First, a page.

Ypsilanti City Council approves placing transportation millage on November ballot
A charter amendment that would provide a dedicated source of funding for public transportation in Ypsilanti will be on the Nov. 2 ballot.
The City Council voted unanimously to approve the resolution, following a 3-3 vote to table the resolution until after the Aug. 3 primary.
Council members decided in May to ask voters to approve amending the city charter and to designate 0.9879 mills to help pay for bus service from the Ann Arbor Transportation Authority.
The issue was to be decided on the Aug. 3 ballot, but state Attorney General Mike Cox's office said the language contained 102 words, while the maximum is 100 words. Cox’s office also said charter amendments couldn't be decided in primaries.
The question will still appear on the Aug. 3 ballot, but the results won't count.
Before council approved the language for the November election, members debated whether to wait until after the primary to see what the results will be. The deadline to file the language with the county is Aug. 24, and the council meets next on Aug. 17.
Mayor Paul Schreiber, Mayor Pro-Tem Trudy Swanson-Winston and Council Member Bill Nickels voted against the motion to table the measure until after the primary. Council Member Pete Murdock, Council Member, Mike Bodary and Council Member Brian Robb wanted to table the issue. Council Member Lois Richardson was absent.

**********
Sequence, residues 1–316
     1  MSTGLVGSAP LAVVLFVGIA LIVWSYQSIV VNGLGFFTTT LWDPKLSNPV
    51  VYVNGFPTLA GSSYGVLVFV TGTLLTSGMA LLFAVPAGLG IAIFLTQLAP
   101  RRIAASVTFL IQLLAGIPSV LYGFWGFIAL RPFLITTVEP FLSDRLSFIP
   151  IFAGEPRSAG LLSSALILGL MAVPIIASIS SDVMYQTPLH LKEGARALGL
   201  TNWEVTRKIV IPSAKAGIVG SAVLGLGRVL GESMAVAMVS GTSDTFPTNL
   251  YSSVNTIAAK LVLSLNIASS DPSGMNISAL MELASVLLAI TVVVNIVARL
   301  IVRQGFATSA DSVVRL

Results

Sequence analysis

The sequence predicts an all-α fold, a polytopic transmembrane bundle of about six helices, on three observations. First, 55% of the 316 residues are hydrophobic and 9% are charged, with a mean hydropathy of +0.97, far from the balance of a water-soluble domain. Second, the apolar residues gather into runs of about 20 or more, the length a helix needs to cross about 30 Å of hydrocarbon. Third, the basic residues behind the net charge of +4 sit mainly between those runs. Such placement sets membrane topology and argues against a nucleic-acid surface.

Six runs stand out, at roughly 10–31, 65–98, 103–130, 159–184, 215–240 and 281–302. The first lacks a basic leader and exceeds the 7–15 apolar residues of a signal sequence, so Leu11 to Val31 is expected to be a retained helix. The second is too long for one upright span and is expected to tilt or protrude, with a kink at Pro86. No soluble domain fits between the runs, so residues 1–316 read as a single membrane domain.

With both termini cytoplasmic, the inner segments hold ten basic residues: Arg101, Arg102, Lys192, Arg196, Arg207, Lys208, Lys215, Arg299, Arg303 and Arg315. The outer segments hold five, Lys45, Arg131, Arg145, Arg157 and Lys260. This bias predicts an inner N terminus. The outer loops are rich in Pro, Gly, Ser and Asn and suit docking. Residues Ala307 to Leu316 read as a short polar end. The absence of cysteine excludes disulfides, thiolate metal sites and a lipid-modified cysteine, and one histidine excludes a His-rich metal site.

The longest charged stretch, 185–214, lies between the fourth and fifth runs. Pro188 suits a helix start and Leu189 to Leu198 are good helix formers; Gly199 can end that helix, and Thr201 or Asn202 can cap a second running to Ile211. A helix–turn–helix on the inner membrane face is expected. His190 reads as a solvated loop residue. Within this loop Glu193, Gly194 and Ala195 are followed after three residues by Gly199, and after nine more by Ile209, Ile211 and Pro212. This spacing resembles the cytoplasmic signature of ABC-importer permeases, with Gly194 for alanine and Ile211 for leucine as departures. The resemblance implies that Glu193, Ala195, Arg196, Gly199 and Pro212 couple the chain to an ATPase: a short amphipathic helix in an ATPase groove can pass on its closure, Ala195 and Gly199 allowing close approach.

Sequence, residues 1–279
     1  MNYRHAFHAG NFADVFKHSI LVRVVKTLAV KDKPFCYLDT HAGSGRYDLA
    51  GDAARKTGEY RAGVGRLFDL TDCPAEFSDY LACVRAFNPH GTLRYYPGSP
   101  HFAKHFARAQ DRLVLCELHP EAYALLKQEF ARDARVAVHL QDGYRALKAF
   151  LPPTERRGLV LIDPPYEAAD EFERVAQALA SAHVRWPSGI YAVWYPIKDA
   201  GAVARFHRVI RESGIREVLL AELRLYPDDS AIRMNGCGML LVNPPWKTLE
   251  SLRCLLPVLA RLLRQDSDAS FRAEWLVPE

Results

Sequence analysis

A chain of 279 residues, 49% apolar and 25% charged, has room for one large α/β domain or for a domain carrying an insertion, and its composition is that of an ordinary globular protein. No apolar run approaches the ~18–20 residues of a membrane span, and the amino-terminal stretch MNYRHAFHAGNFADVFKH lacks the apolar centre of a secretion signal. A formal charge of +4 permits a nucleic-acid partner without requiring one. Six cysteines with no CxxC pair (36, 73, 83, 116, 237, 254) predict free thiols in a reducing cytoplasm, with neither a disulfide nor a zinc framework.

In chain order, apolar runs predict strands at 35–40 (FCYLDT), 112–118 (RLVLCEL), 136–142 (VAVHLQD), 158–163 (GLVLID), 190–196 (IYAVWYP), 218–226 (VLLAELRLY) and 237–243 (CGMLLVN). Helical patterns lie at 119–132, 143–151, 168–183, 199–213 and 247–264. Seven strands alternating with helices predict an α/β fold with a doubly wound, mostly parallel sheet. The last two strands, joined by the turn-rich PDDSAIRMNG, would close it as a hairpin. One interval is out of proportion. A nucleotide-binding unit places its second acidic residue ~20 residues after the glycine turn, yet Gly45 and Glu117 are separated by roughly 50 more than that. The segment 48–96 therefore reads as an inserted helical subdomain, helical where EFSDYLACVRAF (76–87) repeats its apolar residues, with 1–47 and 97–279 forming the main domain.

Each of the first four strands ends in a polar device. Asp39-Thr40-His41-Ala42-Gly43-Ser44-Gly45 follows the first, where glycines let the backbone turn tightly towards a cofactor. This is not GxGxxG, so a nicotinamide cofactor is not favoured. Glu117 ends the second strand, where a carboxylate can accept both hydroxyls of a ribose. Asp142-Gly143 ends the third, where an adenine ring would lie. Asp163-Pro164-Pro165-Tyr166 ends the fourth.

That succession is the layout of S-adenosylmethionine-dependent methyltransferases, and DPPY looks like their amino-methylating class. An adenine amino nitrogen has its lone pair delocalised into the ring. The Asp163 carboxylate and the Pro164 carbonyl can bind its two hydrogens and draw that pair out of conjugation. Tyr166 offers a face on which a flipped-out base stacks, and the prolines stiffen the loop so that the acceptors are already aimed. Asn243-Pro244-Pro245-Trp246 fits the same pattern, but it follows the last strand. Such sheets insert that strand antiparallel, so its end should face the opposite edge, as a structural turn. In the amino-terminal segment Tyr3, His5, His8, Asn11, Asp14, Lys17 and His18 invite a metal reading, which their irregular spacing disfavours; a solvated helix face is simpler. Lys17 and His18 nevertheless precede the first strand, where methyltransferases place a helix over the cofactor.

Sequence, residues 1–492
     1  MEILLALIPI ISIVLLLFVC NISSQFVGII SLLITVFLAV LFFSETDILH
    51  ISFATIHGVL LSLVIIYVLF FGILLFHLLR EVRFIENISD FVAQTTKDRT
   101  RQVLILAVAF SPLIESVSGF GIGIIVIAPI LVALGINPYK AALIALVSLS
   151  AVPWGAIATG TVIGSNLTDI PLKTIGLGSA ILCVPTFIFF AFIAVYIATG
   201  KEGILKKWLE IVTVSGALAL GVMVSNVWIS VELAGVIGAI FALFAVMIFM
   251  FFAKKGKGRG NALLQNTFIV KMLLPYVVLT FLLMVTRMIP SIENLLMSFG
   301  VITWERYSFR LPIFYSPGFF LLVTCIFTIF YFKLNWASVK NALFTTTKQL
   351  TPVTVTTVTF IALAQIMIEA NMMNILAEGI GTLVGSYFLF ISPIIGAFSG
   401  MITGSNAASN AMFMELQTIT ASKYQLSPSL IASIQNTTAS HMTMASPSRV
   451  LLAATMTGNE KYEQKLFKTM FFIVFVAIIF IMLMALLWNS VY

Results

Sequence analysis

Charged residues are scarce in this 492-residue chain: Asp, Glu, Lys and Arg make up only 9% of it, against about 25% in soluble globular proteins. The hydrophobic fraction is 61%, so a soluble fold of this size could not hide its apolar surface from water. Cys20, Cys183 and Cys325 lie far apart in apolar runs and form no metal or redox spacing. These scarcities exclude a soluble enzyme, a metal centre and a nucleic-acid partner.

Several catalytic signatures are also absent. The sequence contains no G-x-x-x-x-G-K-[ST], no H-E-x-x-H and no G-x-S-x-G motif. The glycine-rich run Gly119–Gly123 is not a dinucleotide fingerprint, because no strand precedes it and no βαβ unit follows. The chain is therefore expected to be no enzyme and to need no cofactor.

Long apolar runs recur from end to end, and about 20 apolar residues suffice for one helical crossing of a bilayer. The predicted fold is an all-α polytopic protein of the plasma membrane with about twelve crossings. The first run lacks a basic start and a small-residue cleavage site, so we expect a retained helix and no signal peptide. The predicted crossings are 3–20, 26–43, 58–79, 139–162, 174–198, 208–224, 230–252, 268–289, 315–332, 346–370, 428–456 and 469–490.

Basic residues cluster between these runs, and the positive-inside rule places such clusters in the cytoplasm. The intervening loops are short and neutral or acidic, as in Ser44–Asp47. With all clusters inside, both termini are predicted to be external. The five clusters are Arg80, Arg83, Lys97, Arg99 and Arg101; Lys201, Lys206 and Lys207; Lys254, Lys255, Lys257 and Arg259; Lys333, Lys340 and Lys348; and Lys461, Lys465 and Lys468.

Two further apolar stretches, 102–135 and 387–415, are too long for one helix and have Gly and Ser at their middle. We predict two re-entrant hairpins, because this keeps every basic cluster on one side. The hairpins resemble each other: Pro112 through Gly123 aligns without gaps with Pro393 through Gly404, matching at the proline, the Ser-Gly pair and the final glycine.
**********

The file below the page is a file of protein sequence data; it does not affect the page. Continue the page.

Robb said the results of the August vote could provide insight on how voters feel about the issue. He said the language could be adjusted if necessary and called the primary results “an incredible data point.” He also said the council could decide against putting the issue in front of voters if it was overwhelmingly defeated in August.
“As a council person, I think its important to make the most informed decision we can make, and we would have had much more information after our dry run election,” Robb said.
“You want to look at everything, and I think in some ways (the first vote) would give us a tremendous advantage,” he said. “This gives us a dry run and we are going to figure out if this is what the citizens want.”
Schreiber disagreed the city will have more information that would affect the ballot language.
“I don’t see what the possible reasoning for tabling it would be,” he said. “On November 2, we have a much bigger population. If it fails, we have to do a better job, but it’s a totally different election between August 3 and November 2.”
The proposal would restore the city’s ability to capture 20 mills instead of the 19.0211 maximum allowed per the Headlee Amendment. That would equate to an additional $281,000 for public transportation in 2011, which now comes out of the general fund.
Residents whose homes have a taxable value of $100,000 would pay $97.89 more annually.
Tom Perkins is a freelance writer for AnnArbor.ccom. Reach the news desk at email@example.com or 734-623-2530.